Using a contrasting colored marker or "white out", make a thin mark across the width of the belt for location purposes, and with the aid of an assistant behind the wheel, quickly and lightly "bump" the starter. Since the spark plug wires are disconnected, there is no chance the engine will start. Observe the condition of the belt as it goes around, looking for cracks in the "cogged" section that rests inside the pulleys. Check one section at a time. Look for oil and antifreeze, and any visible signs of the belt rubbing on any surface. Make sure that the belt does at least one complete revolution around the pulleys (as indicated by the dark marker line coming back up again.) Make as many revolutions as necessary to check the entire belt. One weak area renders the belt useless, and should be changed at that point.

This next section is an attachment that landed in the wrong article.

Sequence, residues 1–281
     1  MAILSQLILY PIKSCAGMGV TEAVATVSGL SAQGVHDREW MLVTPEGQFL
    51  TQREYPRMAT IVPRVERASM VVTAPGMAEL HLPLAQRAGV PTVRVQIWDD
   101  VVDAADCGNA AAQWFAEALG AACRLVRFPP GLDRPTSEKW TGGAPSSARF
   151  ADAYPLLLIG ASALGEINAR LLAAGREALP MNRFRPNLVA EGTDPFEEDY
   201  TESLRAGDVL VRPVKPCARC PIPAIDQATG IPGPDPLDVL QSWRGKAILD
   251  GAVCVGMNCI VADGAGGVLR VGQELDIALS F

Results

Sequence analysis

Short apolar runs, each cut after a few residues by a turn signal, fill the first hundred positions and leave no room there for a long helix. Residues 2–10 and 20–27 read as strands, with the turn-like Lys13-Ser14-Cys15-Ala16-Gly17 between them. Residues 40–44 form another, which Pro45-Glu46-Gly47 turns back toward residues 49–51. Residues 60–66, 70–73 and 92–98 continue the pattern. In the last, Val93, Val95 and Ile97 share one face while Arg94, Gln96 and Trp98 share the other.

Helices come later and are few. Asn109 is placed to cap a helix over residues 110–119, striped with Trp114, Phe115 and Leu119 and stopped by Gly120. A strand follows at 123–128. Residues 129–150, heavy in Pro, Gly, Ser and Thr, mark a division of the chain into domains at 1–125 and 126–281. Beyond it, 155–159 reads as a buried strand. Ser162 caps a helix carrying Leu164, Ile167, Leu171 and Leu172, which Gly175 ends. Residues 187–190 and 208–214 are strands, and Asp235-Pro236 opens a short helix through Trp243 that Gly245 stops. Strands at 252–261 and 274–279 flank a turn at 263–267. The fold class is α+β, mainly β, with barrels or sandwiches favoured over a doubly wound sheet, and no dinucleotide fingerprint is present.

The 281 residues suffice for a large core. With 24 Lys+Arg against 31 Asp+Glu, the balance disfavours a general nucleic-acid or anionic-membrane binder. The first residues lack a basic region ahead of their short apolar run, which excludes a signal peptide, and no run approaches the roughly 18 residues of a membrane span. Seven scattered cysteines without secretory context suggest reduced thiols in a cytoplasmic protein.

Touch the belt and feel the slack between the 2 cams. The belt should be snug in that area. Excessive slack in this area indicates a worn belt/and/or worn tensioner. Generally 1/2 inch deflection or less is sufficient. Look for frayed edges on both ends of the belt. Further, the internal "teeth" should be pointy and not rounded off on the edges, (which indicates slippage on the teeth of the pulleys. Those teeth also should not look "glazed".
The entire belt compartment area should be clean and DRY as stated before. A small amount of dust inside indicates that no moisture is present. Moisture of any kind is a sign that you have a leak. Investigate, determine the source, and repair any leaks before continuing.